Making Safer Streets in Reseda

A 2.9 mile stretch of Reseda Boulevard, from Victory Boulevard near the LA River and Reseda Park to Parthenia Street near Cal State University Northridge, is undergoing a series of improvements in an effort to improve traffic safety for drivers, cyclists and pedestrians.

The $24.7 million project is part of the Los Angeles’ Complete Streets Program, led by the city’s Bureau of Engineering, and features a collaborative effort of various city agencies including the Department of Transportation (LADOT), Streets LA, the Bureau of Street Lighting and the Bureau of Sanitation.

The Los Angeles Department of Water and Power began water mainline construction in September. Curb ramp and sidewalk construction is underway, with traffic signal construction, bus “island” construction and street repairs and improvements to follow. The entire project, barring unforeseen delays, is expected to be completed in April of 2023.

City officials have noted this section of Reseda has “significant” safety issues. Between 2009 – 2019, 110 people ranging in ages from 20 to 91 were killed or severely injured while traveling on Reseda Boulevard with 41 percent of them walking or riding a bike.

Along the corridor between Victory Boulevard and Parthenia Street, 12 people have been killed during the past 10 years, with nearly half of them being pedestrians.

“Speed is a major factor in causing collisions that result in severe injuries and fatalities,” a LADOT spokesperson said. “People on Reseda Boulevard often drive faster than the 35 mph speed limit, and collisions at such speeds are highly likely to result in fatalities.”

Reseda Boulevard also has some of the highest bus ridership in the West Valley, according to city officials, with 5,600 riders per day on weekdays and 5,000 riders per day on weekends.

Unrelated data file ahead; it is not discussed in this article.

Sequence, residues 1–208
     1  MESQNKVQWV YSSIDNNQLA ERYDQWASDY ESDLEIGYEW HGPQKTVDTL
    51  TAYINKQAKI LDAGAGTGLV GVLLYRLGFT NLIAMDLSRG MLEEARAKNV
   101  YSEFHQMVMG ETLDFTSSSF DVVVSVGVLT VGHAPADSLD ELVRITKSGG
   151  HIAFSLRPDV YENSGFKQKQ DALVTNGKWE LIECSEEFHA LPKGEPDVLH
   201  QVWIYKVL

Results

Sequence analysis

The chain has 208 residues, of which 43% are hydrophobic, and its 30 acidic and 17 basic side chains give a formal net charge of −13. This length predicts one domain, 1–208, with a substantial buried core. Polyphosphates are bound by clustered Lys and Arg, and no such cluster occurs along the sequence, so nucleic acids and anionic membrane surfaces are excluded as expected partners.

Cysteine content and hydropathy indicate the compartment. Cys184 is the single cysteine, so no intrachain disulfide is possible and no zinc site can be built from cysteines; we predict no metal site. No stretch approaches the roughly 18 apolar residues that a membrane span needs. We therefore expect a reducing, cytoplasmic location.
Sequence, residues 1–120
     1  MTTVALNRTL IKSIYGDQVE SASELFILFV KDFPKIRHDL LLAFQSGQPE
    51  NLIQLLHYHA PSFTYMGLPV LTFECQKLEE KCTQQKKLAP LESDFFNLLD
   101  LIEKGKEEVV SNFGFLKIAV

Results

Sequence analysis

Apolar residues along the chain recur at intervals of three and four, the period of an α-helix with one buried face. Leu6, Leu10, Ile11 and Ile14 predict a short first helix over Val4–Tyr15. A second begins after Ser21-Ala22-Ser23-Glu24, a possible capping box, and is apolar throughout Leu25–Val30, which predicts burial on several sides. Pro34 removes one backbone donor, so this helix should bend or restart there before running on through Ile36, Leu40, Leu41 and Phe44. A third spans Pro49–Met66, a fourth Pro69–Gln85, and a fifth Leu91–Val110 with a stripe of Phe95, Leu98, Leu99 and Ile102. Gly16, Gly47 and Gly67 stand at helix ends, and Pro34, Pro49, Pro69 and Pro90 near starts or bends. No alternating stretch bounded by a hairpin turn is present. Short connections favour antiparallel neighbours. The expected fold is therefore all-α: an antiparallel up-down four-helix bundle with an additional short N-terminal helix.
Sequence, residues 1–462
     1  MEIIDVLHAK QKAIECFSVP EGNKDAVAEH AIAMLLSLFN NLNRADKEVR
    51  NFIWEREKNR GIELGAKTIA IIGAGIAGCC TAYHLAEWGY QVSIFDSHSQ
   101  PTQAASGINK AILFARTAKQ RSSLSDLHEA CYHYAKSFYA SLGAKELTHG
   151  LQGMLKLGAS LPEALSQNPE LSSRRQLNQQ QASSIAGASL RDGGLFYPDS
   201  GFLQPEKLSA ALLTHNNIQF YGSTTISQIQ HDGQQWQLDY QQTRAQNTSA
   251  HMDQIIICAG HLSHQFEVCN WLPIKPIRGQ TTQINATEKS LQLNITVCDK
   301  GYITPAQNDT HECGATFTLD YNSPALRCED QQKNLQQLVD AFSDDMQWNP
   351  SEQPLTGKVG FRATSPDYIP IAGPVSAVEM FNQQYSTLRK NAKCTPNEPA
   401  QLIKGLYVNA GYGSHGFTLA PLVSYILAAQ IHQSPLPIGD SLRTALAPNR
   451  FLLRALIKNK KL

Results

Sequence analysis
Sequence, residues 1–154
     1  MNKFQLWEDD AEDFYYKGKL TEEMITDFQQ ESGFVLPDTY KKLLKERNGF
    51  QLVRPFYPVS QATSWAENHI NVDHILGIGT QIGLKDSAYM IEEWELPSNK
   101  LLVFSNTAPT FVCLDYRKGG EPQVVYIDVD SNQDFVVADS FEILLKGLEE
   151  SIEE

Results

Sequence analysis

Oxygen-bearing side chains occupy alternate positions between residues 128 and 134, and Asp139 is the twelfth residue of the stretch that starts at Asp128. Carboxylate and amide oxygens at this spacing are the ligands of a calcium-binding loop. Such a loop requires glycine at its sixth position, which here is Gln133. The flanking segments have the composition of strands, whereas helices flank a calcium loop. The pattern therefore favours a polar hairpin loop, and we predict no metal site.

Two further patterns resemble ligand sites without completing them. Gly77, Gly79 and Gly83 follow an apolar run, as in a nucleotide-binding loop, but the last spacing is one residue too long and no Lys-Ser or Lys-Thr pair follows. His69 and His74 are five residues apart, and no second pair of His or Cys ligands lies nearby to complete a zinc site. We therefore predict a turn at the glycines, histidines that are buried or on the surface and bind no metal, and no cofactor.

The boulevard is also considered a key north-south bike corridor in the Valley. Riders presently can travel 6.5 miles in a bicycle lane from Porter Ranch to Valerio Street and another 4.5 miles from Vanowen Street to Tarzana. Once the project is completed, the Reseda Boulevard bike lanes are expected to connect to the forthcoming LA River path, which is in various stages of design and construction.

Among the scheduled improvements are the repaving of sidewalks and streets, more street lighting and shade trees, “left-turn arrow” traffic signals, new traffic lanes and high-visibility crosswalks, protected bicycle lanes, bus boarding “islands for passengers, and more accessible passenger loading zones.

There are currently about 700 on-street parking spaces along the length of the project, and it is expected that 240 of them will be eliminated when the project is completed. Officials say the elimination is necessary for increased visibility at driveways and intersections, and to make the design continuous through narrower portions of some streets.

A video of the entire project can be viewed at